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Interview with Maurice Benard of the
Ghost and the Whale" and "General
Hospital" on ABC 5/20/16
This interview was about Maurice
Benard's starring role in "The Ghost
and the Whale," which you can see On Demand, on
iTunes, or on Vudu. It's worth
watching. It has good suspense and action, but it also has a
lot of realism, some romance, tragedy, and even some
fantasy. The acting is really good, and the writing is
phenomenal... particularly when it comes to the characters. I found it enjoyable.
It was great to speak with him. I've been a fan of his,
as I told him, ever since I used to watch him on "All My
Children" as Nico. That was before he moved later to
"General Hospital." I've watched him on there since he
started. I think he's a fantastic actor (he's won many
Daytime Emmys) and underrated outside the daytime industry. He's great in
"The Ghost and the Whale" as a man tormented by his
bi-polar condition, as well as the death of his wife.
He was just very nice and personable in the phone call.
Just a regular guy!
I first interviewed Anthony and
James Gaudioso, who wrote and directed the movie as well
as played important roles.
of our interview, and here's the transcript by
1. How long did it take to film the movie and where was it filmed?
It was filmed in Bodega Bay. I think it was about 3 or 4 weeks. I can go fast
'cause I do a soap opera. So, it was tough 'cause it was freezing and I had to
talk to the ocean [Chuckles] and I was cold, man. The only CGI was the whales,
but me talking was not talking to anything but the water, you know? Yeah, a lot
of monologues, but it was cool.
2. Did you get to meet Jonathan Pryce?
No. What happened was when he got onboard, we were just ecstatic, but we
hadn't really heard anything from him. All of a sudden, I'm in the kitchen, and
my wife and her assistant are listening to something and were like crying.
Jonathan Pryce had sent over the voice of the whale, and they were listening to
his interpretation of the whale, and I heard it and got chills.
3. I was thrilled to see Ron Hale! He looks great! I thought he was retired?
Ron had a nice little role as a priest. He did us a favor, and he was great in
that little role. I think, at that time, he might have just retired, but, you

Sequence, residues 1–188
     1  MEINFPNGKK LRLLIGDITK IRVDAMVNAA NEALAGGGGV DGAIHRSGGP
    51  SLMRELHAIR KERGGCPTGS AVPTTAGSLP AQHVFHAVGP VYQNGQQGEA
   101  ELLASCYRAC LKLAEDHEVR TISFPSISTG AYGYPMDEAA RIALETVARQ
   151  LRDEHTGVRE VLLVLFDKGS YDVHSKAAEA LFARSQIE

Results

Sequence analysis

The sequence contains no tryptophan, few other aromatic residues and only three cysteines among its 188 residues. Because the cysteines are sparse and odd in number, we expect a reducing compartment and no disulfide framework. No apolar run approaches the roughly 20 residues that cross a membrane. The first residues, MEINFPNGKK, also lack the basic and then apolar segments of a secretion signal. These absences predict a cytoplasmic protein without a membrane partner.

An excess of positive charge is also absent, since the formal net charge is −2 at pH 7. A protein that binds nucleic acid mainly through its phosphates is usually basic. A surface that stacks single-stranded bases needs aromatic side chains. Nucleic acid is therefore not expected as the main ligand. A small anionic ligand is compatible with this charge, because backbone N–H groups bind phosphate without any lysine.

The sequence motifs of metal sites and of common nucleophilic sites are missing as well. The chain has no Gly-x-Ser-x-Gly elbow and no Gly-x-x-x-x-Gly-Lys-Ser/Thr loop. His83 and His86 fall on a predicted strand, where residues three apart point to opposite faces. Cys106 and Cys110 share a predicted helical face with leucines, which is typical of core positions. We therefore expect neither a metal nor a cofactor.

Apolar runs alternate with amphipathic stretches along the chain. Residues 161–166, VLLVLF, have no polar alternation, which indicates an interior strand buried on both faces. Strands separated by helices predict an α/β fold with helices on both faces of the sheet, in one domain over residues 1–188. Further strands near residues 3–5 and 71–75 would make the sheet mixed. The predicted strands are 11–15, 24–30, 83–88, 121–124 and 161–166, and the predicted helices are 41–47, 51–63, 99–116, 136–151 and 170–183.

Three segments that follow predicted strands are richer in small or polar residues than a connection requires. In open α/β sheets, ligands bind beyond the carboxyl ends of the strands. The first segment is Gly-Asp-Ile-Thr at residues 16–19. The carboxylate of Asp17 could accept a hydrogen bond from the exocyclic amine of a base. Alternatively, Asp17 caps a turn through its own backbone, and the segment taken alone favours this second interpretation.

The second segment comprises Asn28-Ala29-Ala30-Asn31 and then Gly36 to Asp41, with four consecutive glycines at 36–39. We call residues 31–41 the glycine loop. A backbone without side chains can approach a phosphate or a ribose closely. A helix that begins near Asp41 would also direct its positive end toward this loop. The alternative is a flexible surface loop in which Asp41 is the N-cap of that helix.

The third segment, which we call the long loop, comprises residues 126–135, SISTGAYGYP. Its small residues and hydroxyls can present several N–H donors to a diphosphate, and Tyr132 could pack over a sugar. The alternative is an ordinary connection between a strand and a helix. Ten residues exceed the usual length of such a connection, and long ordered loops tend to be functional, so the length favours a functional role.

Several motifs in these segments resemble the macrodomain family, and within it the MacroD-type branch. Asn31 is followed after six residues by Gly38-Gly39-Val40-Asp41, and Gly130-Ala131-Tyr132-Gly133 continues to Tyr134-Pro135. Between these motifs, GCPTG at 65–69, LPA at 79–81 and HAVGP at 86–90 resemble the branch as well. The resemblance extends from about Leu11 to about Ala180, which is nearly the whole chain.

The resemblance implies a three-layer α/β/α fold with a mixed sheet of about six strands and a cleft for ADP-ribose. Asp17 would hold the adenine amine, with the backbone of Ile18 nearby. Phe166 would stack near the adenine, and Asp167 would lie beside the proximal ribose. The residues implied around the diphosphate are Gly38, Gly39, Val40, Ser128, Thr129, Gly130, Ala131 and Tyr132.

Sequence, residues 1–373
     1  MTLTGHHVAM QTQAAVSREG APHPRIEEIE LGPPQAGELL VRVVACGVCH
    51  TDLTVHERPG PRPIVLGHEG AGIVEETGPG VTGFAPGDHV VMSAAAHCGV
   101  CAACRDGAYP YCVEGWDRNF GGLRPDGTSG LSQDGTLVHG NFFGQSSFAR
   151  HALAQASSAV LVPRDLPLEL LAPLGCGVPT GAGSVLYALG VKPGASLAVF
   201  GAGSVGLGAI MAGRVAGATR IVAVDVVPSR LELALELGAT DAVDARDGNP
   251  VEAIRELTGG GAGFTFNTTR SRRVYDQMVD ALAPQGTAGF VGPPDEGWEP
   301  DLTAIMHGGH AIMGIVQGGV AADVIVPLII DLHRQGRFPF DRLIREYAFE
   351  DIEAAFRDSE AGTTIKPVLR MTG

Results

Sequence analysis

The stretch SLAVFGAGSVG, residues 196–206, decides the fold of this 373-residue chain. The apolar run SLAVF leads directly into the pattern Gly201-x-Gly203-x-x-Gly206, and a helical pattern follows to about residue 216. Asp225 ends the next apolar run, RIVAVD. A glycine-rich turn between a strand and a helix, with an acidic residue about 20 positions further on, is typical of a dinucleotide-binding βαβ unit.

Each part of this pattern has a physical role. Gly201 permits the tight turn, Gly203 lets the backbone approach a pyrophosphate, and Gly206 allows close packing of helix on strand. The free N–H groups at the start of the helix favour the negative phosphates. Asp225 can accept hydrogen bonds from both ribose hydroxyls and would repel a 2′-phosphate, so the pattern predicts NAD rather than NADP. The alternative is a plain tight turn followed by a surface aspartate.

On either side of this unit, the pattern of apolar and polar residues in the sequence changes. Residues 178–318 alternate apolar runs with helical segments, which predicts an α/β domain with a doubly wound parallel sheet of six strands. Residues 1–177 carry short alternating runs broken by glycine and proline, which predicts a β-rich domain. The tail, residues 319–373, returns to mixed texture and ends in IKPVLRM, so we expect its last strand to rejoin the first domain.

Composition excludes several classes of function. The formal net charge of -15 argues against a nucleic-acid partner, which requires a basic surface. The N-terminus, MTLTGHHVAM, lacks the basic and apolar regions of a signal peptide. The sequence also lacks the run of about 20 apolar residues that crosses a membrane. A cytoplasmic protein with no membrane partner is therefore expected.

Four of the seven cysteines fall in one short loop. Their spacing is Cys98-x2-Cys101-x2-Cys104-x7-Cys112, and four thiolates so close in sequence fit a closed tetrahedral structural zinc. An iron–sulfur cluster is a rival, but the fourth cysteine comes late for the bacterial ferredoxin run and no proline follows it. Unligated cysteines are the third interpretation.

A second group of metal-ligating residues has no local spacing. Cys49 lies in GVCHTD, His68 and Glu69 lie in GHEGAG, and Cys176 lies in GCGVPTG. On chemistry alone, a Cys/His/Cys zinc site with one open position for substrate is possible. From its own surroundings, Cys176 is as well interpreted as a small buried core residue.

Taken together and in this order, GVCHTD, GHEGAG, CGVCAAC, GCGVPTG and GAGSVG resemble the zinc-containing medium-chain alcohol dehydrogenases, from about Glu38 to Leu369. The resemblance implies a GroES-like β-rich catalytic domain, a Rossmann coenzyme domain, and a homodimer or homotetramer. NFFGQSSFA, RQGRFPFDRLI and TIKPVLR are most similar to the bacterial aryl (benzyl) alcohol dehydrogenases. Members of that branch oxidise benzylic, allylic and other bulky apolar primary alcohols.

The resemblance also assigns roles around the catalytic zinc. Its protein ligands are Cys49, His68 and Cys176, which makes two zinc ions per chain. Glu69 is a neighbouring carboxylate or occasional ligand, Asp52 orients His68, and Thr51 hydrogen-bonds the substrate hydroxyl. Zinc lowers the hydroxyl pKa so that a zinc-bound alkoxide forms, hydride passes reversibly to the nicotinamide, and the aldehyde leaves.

know, he was gonna do me that favor, so...
4. Was it difficult for you at all, emotionally, to film, since you have bipolar
disorder in real life?
Yeah. What made it difficult on this thing it is my wife's first movie
producing, so there was stress on that. And it was a new character, and I didn't
wanna be like Sonny, so that was stressful. And this guy's tragic, so there was
a time in the movie, like in the first week and a half, where I was starting to
lose it a bit, but not out of control, you know what I mean? I remember at
night, you know, I don't know, not hearing voices but just my thoughts were
racing. You know, I've been taught as an actor to become the other person. I
don't know how healthy that is for me anymore. [Laughs] But I did do that with
Joseph Hawthorne, and it was difficult. They wanted to see pain, pain, pain. For
me, I just love the ending.
5. What was it like, working with your wife, Paula, on the film?
Well, she was 100% helpful, because if I was starting to use my hands too much
or whatever it was, she'd come out and say, "Honey, you're being too much
Sonny," and I would say to her, 'cause the directors didn't know much of Sonny,
so they didn't -- Paula's been with me forever, so I would ask, "Is it too much
Sonny? And she'd say, "No, no, you're doing great." So that helped. The
stressful part was that I just wanted it to be great for her. She's the
6. You have been friends with the Gaudioso brothers for a while?
Yeah, we've been friends, and we've known them for four years now, maybe five, I
don't remember. Every time I say I don't quite remember, I think of Joseph in
that monologue when he says, "I don't quite remember." It was funny when I read
it on the script and I was acting, it felt like, "No one talks like this." But I
just said to you, "I don't quite remember."
7. Have you gotten good feedback from fans about it so far?
Let me tell you something -- I saw the movie in a theater with an audience at a
film festival, but it was phenomenal, the reaction from the audience. And then I
saw the movie at the premier with actors, and it was a whole different vibe. But